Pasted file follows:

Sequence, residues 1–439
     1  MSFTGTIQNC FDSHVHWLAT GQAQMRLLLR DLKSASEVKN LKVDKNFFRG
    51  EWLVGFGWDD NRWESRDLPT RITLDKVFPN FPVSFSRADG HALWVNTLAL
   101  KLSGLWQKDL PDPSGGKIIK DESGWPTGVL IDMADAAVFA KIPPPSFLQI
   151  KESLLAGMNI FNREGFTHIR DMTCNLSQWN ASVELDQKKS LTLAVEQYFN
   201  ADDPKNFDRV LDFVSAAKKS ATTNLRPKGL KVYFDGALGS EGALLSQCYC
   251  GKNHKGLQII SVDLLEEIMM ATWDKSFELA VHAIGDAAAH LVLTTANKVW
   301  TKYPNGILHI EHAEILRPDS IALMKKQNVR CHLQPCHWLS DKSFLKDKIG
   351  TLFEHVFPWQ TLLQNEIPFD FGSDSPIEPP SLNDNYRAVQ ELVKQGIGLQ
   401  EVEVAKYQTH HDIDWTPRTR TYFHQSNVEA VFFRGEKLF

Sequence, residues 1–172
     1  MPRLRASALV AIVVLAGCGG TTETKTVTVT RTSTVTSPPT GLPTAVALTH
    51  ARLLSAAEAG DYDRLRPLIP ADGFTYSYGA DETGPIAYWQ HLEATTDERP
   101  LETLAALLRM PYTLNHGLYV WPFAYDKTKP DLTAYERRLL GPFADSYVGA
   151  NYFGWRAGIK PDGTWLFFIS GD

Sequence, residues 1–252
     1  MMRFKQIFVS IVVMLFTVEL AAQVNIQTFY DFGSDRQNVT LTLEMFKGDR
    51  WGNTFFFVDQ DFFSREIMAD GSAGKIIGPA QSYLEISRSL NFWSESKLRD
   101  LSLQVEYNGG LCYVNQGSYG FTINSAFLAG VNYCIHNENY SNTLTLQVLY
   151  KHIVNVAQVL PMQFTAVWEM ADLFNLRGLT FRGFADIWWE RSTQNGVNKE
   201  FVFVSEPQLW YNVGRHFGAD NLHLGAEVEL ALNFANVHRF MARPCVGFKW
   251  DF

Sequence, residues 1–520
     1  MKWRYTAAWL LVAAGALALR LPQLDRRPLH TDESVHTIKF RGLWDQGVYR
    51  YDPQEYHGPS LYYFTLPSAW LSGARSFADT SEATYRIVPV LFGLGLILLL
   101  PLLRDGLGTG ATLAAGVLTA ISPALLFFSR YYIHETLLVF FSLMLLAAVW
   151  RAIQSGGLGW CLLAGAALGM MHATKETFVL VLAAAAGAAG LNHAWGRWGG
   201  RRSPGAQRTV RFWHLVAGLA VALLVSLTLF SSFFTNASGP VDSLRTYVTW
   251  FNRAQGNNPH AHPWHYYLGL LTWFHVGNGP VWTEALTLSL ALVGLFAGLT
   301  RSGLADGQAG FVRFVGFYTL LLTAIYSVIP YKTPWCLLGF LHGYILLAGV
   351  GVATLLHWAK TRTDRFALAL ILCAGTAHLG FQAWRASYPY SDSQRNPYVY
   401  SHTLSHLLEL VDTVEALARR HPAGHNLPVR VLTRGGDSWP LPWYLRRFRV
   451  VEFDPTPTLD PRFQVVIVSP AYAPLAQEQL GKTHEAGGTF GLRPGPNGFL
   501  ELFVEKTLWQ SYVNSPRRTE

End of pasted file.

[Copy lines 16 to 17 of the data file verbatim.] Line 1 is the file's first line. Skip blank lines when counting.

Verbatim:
Sequence, residues 1–252
     1  MMRFKQIFVS IVVMLFTVEL AAQVNIQTFY DFGSDRQNVT LTLEMFKGDR